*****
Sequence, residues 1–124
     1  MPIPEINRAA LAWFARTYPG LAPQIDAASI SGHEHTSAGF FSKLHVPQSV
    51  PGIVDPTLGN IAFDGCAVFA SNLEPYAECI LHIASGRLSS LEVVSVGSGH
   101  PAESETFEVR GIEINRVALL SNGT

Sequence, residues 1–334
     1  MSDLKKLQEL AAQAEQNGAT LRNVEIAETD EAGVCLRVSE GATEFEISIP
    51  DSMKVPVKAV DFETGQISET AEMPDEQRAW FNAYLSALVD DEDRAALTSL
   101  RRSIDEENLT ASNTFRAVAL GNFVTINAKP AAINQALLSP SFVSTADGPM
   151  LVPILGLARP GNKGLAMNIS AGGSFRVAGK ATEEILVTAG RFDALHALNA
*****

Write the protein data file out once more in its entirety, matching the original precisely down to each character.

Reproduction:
Sequence, residues 1–124
     1  MPIPEINRAA LAWFARTYPG LAPQIDAASI SGHEHTSAGF FSKLHVPQSV
    51  PGIVDPTLGN IAFDGCAVFA SNLEPYAECI LHIASGRLSS LEVVSVGSGH
   101  PAESETFEVR GIEINRVALL SNGT

Sequence, residues 1–334
     1  MSDLKKLQEL AAQAEQNGAT LRNVEIAETD EAGVCLRVSE GATEFEISIP
    51  DSMKVPVKAV DFETGQISET AEMPDEQRAW FNAYLSALVD DEDRAALTSL
   101  RRSIDEENLT ASNTFRAVAL GNFVTINAKP AAINQALLSP SFVSTADGPM
   151  LVPILGLARP GNKGLAMNIS AGGSFRVAGK ATEEILVTAG RFDALHALNA